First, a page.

Killing time, he walked the floor, he monitored the tables, he checked in the bar to make sure no one got out of hand. The longest two hours of his life. Finally, his secretary paged him over the PA, and he jogged down to his office.
“The house belongs to a Benito Rosas, goes by Benny. Sound familiar?”
Jace jotted the name down. “Never heard of him.”
His PI loved to drag out good information, like a housewife sharing gossip over the fence. “Full-blooded Italian, parents-from-the-old-country type. He owns about thirty percent in The Lucky Star Hotel and Casino. Likely for a very close friend of his who’s connected to some heavy hitters in New York.”
“That’s not good news. But he’s not who I saw.”
“He has a daughter. Layla Rosas. Single, but there was a fiancé. Lives with her parents. It’s all I’ve got, Jace.”
“You don’t know what she does? Is she a journalist?”
“She doesn’t do anything. She sure as hell ain’t no journalist.”
“Thanks. I’ll be in touch if I need anything else.” Jace dropped the phone back onto the cradle. Layla Rosas. Why had this nobody been hanging around here? He was willing to bet she’d landed the shot of the decade. Journalist or not, she couldn’t have been on that roof pointing her camera at Douglas Stone’s window by accident.
He intended to find out. First thing in the morning, give her time to think she’d gotten away clean. Then he’d surprise her on her own turf.
Jace drove south of Vegas the next morning. The sun already beat down in shimmering waves of heat. Without all the nighttime traffic, the trip only took twenty minutes. The address wasn’t hard to find. A new house, all square shapes and big windows. Not so nice he had to worry about gates or a guard, so that helped.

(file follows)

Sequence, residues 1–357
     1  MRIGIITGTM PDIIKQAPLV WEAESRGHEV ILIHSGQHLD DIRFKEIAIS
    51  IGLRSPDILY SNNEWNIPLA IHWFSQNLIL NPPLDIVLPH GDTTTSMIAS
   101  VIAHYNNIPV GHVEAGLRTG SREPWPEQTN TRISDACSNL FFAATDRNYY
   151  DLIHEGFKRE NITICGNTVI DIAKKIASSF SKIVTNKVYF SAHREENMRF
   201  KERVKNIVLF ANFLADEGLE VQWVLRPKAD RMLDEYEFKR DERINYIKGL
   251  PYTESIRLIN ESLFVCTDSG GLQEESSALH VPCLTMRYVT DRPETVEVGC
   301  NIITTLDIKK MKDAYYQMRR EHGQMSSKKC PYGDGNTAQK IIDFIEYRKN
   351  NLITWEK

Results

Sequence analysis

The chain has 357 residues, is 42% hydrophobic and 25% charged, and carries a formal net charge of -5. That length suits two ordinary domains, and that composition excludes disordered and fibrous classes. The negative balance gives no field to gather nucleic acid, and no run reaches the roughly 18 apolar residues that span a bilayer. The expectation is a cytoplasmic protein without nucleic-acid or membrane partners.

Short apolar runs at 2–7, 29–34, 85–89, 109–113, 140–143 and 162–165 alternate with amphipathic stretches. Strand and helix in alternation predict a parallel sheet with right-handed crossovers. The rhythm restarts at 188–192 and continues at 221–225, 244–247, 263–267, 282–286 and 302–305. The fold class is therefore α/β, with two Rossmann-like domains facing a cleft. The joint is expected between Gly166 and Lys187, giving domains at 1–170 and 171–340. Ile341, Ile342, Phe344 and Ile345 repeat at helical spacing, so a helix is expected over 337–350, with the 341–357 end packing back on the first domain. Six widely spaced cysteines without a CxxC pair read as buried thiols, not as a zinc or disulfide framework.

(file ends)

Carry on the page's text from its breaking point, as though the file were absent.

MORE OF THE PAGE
He parked his car beside the curb and walked up the long sidewalk, landscaped on both side with round rocks and hearty cacti. Jace rang the bell and waited. Eventually, a matronly lady with orange hair corkscrewed in all directions, wearing an apron and glasses on a chain, answered the door. “Can I help you?”
“I’m here to see Layla.” He hadn’t expected the need to bypass any doorkeepers, so to speak, and he quickly decided a tone of familiarity was his best bet.
“And can I tell her the purpose of this call?”
Yeah, she wasn’t giving an inch. “We’re close friends. Jace Russell.”
Her gaze skimmed him with disdain, and she leaned a shoulder against the door. “How come I’ve never heard of you?”
“Well, here’s the thing, we’ve been keeping things private.” His PI had told him she was single, so intimating they were a little more than friends might bring him face-to-face with her. It would be best to shake her up, surprise her on her own turf. But if this didn’t work, he could always camp out front at the curb in his car.
“Hmm. So, you’re the man she mentioned to her mother?”
“I sure hope so!” Jace burst into a conspiratorial laugh, and just like he hoped, the woman laughed with him.
“Come on, then.” The housekeeper turned and walked straight back through the house, never stopping to see if he followed, to a wall of windows and a sliding glass door. “Layla’s either by the pool or in the pool house.” She gestured that way and shut the door behind him.
He walked a little down the rolling lawn until he saw the thin, dark-haired girl lounging in a chair beside the pool.
He had to play this carefully if he wanted the negatives back. The trick would be figuring out what this oddball, Layla, wanted.